An app that allows anonymous exchanges is in the works by Facebook, the same company that has worked hard to facilitate an environment for sharing and recently triggered outrage when it required drag queens to use real names.

While Facebook has been known to capitalize on the success of apps popular with teens by developing rival software, Josh Miller, a product manager at Facebook, is attempting to make it clear that his company isn't cloning the likes of Whisper.

"I hope people know the @branch crew wouldn't build a clone of anything," says Miller. "Can't comment on rumors but can't wait to show you what we've built."

Whatever the app is, identity or anonymity isn't the primary objective, says Miller in a Twitter message that consumed four tweets. The app, as Miller describes it, seems as if it will serve as a place where alter egos can meet up to discuss things their much more coy doppelgangers would never talk about.

"Identity isn't a product goal," says Miller. "Focus should be on what human desire you want to enable, not anonymity as the focal point. Even then, it's very hard to build retentive communities without 'regulars.' You need some sort of recurring identity. Also, anonymous w friends + anonymous w schools breeds gossip. Can encourage positive use cases through product design. Finally, worth noting, the internet was the original pseudonym experiment. New apps are all ripoffs of IRC, forums, etc."

News of the in-development app comes after Facebook relaxed rules it had put in place, which required users to operate under their real names. The rules sparked outrage among LBGT communities, but Facebook has since apologized and allowed users to take on whatever name they use offline, which it refers to as their "authentic name."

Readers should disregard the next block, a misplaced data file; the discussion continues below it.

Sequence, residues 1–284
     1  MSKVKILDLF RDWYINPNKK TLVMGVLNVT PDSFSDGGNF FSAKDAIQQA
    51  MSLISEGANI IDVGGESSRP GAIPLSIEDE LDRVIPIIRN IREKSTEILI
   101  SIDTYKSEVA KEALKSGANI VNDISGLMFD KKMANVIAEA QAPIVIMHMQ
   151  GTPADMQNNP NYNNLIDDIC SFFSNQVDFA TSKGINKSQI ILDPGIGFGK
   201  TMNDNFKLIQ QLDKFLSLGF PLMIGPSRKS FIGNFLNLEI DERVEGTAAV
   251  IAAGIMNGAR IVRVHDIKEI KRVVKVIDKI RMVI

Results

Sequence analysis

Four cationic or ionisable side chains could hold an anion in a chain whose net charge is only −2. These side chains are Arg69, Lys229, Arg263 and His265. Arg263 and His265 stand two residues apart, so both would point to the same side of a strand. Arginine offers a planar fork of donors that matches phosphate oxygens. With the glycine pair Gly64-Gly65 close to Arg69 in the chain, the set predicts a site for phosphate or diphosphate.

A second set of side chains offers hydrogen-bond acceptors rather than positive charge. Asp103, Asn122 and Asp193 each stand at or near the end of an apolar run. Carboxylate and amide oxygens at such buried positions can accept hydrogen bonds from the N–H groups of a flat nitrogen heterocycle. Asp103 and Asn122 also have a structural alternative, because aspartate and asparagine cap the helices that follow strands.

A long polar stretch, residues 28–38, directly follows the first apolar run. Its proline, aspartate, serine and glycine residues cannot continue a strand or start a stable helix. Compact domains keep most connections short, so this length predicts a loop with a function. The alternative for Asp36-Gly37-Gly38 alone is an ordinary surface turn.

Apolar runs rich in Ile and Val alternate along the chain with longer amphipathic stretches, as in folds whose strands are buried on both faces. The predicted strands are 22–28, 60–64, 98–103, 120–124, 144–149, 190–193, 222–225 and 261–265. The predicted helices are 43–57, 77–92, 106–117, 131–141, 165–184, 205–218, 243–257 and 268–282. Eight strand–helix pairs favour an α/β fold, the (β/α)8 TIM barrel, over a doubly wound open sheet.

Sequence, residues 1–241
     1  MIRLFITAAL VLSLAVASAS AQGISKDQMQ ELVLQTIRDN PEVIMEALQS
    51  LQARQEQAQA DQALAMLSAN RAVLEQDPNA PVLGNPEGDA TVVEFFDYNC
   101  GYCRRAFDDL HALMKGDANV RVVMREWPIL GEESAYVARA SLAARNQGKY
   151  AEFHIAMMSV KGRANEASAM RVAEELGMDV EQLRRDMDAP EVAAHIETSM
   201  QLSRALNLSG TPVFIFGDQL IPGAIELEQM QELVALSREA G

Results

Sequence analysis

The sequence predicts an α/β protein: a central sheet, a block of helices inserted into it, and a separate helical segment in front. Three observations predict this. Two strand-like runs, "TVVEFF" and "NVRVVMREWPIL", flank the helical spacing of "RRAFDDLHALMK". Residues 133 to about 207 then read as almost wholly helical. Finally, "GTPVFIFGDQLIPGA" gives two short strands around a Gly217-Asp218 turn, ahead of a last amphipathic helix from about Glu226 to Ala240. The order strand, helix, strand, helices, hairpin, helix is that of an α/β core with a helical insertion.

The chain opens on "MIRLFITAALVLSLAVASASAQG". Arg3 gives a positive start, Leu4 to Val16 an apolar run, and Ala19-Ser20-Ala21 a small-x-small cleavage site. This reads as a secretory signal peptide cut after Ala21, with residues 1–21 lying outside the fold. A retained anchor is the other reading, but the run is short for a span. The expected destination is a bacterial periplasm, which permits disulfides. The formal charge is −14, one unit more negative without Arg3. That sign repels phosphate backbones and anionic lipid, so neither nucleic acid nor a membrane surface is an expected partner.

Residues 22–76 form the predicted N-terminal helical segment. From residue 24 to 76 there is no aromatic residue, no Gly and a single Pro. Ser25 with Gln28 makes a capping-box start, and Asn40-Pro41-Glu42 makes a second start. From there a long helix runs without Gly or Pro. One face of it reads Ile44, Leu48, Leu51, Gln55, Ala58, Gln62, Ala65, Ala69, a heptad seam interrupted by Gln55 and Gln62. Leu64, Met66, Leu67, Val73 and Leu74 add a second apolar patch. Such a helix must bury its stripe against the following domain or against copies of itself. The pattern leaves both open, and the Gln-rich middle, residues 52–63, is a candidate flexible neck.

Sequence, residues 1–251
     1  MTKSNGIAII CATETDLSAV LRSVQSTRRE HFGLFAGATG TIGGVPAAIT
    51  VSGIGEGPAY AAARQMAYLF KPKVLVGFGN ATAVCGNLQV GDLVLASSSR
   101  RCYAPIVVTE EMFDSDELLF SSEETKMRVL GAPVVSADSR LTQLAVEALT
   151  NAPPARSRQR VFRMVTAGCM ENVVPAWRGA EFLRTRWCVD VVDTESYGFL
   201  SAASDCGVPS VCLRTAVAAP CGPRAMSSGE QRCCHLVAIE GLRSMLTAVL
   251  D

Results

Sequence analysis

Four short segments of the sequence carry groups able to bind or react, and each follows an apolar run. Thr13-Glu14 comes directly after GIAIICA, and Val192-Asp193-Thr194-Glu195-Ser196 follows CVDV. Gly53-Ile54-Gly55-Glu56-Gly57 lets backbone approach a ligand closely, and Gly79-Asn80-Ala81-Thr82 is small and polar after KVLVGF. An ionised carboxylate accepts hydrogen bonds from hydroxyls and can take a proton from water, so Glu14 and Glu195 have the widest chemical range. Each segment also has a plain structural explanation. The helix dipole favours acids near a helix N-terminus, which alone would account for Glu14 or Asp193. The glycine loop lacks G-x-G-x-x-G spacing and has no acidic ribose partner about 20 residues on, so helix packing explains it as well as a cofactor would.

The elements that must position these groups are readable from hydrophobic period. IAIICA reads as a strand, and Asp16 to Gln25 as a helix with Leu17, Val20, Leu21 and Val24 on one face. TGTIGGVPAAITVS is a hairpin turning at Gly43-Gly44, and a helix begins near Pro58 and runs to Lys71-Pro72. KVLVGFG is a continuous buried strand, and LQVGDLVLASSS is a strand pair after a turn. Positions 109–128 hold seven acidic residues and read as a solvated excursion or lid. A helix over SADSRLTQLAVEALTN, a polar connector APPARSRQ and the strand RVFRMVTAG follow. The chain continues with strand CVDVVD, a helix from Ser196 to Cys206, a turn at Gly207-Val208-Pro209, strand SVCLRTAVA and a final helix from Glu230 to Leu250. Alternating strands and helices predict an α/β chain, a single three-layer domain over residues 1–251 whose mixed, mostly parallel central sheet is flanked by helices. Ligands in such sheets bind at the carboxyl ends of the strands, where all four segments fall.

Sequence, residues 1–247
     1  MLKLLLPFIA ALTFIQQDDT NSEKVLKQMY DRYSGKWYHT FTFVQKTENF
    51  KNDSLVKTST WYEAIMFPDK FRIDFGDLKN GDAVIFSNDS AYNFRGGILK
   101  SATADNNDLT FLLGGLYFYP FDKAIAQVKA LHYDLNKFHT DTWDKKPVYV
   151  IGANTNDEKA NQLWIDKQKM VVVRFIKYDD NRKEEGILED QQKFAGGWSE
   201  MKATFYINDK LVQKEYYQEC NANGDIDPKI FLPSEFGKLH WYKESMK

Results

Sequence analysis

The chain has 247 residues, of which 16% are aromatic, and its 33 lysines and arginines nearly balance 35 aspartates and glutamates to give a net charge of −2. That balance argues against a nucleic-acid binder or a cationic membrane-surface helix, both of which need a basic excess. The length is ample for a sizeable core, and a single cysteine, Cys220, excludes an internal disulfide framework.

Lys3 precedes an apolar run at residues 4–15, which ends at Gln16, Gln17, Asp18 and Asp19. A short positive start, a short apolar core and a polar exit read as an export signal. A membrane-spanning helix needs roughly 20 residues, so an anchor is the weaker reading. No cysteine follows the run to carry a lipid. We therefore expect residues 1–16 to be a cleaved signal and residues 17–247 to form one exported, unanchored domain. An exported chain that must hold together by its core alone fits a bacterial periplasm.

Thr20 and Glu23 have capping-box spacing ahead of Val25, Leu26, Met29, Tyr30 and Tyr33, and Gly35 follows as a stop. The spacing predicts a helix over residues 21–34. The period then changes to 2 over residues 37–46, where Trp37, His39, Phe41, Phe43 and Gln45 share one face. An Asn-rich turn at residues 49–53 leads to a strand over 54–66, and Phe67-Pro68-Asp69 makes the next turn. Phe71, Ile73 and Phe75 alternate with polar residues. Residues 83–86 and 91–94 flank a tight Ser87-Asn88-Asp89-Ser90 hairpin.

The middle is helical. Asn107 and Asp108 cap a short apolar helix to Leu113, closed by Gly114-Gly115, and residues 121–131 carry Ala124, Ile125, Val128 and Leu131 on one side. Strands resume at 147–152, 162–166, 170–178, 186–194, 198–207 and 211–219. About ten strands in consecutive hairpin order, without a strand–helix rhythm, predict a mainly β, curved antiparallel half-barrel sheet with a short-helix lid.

Facebook VP Chris Cox apologized on behalf of his company for putting users through "hardships" with its naming policies, but he originally said the rules were in place to protect people from "real harm." The use of real names also helps Facebook stand out from other social sites, he argued.

"We believe this is the right policy for Facebook for two reasons," said Cox in an Oct. 1 Facebook post that explained the change. "First, it's part of what made Facebook special in the first place, by differentiating the service from the rest of the Internet where pseudonymity, anonymity, or often random names were the social norm. Second, it's the primary mechanism we have to protect millions of people every day, all around the world, from real harm."

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